ABOARD THE PAPAL PLANE — After a day of touting ways in which Christians might share in greater unity, that commitment to coming together didn’t prevent Pope Francis from backing the Vatican’s doctrinal watchdog in its decision to insist on caution regarding proposals for intercommunion with Protestants.
On a return flight to Rome on Thursday from a day-long ecumenical pilgrimage to Geneva, Francis said he supported the Vatican’s Prefect for the Congregation for the Doctrine of the Faith, Cardinal-elect Luis Ladaria, in requiring a rethink of a draft proposal from the German bishops that would allow for non-Catholics to receive communion under certain conditions.
Among other items discussed during the 30-minute in-flight press conference was the global migrant and refugee situation — where, once again, Francis reiterated his support for the U.S. Catholic bishops in opposing the Trump administration’s hard line — as well as the challenges of nuclear weapons.
Last month, the Congregation for the Doctrine of the Faith (CDF) rejected the German proposal, which was approved by roughly three-quarters of the bishops during a meeting earlier in the spring. In a letter published this month, Ladaria said the proposal was “not mature enough to be published.”
Francis said that Ladaria did not act unilaterally, but with the pope’s permission, and that under the Code of Canon Law it is up to the local bishop to decide under what conditions communion can be administered to non-Catholics, not local bishops’ conferences.
“The code says that the bishop of the particular church, and that’s an important word, ‘particular,’ meaning of a diocese, is responsible for this… it’s in his hands.”
Moreover, Francis said, the problem with having an entire bishops’ conference deal with such questions is that “something worked out in an episcopal conference quickly becomes universal.”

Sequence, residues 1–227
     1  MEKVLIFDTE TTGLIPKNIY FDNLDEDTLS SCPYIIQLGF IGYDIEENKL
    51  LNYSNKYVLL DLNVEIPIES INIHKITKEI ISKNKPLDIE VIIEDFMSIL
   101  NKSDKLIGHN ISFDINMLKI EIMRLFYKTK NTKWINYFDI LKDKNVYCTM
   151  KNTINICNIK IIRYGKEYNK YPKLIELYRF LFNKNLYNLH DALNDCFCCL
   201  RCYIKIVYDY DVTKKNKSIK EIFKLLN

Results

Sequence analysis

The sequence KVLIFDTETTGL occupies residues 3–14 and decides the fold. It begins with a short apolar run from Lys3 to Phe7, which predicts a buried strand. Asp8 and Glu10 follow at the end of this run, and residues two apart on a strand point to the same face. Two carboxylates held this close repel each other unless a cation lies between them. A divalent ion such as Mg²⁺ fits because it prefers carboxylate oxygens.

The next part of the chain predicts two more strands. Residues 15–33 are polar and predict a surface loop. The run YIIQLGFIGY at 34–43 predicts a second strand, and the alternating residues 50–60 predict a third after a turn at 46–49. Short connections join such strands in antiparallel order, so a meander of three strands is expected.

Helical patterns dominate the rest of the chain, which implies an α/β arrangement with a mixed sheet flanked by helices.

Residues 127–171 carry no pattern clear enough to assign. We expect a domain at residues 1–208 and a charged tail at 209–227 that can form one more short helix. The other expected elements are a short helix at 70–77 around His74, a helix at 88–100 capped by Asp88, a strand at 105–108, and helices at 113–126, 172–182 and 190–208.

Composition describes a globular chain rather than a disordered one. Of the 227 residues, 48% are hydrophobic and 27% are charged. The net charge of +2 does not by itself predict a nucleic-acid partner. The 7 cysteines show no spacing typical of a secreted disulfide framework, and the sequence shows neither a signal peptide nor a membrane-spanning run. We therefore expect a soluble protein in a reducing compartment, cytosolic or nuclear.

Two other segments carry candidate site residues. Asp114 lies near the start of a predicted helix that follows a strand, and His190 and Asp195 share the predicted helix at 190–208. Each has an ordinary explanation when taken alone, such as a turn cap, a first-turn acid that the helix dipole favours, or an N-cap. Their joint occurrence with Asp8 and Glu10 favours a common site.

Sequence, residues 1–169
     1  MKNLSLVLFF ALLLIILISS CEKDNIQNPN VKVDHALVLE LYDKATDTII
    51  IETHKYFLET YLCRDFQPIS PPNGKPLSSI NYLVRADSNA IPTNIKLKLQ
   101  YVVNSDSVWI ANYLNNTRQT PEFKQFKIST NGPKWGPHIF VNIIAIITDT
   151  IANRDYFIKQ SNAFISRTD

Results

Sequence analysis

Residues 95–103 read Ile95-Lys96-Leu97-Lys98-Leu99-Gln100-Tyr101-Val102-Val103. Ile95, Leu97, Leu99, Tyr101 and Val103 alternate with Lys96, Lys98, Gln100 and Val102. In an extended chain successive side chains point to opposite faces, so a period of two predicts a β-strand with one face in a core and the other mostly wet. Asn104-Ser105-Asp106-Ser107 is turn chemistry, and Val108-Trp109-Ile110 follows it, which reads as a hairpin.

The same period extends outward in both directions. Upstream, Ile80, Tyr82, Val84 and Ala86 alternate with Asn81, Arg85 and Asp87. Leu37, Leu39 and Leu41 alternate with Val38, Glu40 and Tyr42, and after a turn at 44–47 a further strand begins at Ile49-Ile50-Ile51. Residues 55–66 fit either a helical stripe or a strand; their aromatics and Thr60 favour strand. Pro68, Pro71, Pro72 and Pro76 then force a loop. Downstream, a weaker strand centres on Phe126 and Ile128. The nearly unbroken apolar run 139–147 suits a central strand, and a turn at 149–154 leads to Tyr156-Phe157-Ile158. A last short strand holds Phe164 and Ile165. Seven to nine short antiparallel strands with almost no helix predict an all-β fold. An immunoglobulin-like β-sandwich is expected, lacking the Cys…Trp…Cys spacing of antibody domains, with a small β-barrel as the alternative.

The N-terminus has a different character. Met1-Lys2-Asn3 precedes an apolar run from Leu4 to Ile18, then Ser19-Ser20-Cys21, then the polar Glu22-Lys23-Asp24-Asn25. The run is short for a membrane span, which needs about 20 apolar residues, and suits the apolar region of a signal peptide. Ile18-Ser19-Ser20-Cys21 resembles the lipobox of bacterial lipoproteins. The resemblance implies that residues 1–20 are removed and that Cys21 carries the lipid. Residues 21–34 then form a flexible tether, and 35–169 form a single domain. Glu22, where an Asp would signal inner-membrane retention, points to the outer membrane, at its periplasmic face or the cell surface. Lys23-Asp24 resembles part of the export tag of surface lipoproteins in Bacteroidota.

At the same time, Francis praised the bishops’ efforts, saying their document was “well thought out with a Christian spirit.”
Whatever the German conference may come up with in the end, the pope said, likely “will be an orientational document so that every one of the diocesan bishops can determine by himself what the Code of Canon Law already permits.”
On the situation at the U.S.-Mexico border, Francis did not mince words in throwing his support behind the U.S. bishops.
“I side with them,” he said matter-of-factly, repeating what he had said in an exclusive interview with Reuters that was published on Wednesday.
“I’m proud of what the bishops of that country said,” Francis added.
More broadly, Francis said that “every country should [welcome new arrivals] with the virtue of government, which is that of prudence, because they should welcome as many refugees as they can, educate, integrate, relieve hunger, and help them find work.”
“I would say this is the tranquil, serene plan for refugees,” the pope said. “Here we’re living a wave of refugees fleeing war and hunger.”
When asked about the possibility of the Church backing away from its support of Just War Theory, Francis skirted around the question but said that we know if there is a Third World War it will be fought with nuclear weapons.
If there is a fourth, he speculated, “it will be fought with sticks,” he said—predicting the utter devastation that would follow.
Nevertheless, the pope insisted that many global challenges can be resolved.
“The problem of war, of persecution of Christians in the Middle East and also in Nigeria, the problem of hunger can be resolved,” he said. “Many countries are thinking about how to invest in those countries, invest intelligently…to give work and education.”
Recalling his lunch earlier in the day with ecumenical leaders from around the world, Francis shared the story of one individual who proposed that the first human right should be the right to hope.
“I like this,” the pope said.
At the conclusion of the press conference, Francis recognized Cardinal-elect Angelo Becciu, who has served as his sostituto, or “substitute,” in effect a sort of chief of staff.
Next week, Francis will name Becciu, along with 13 other individuals to the College of Cardinals.
Francis’s return to Rome marks the end of his much-anticipated day-long trip to Geneva to mark the 70th anniversary of the World Council of Churches, a global body promoted to working together toward ecumenical advancement.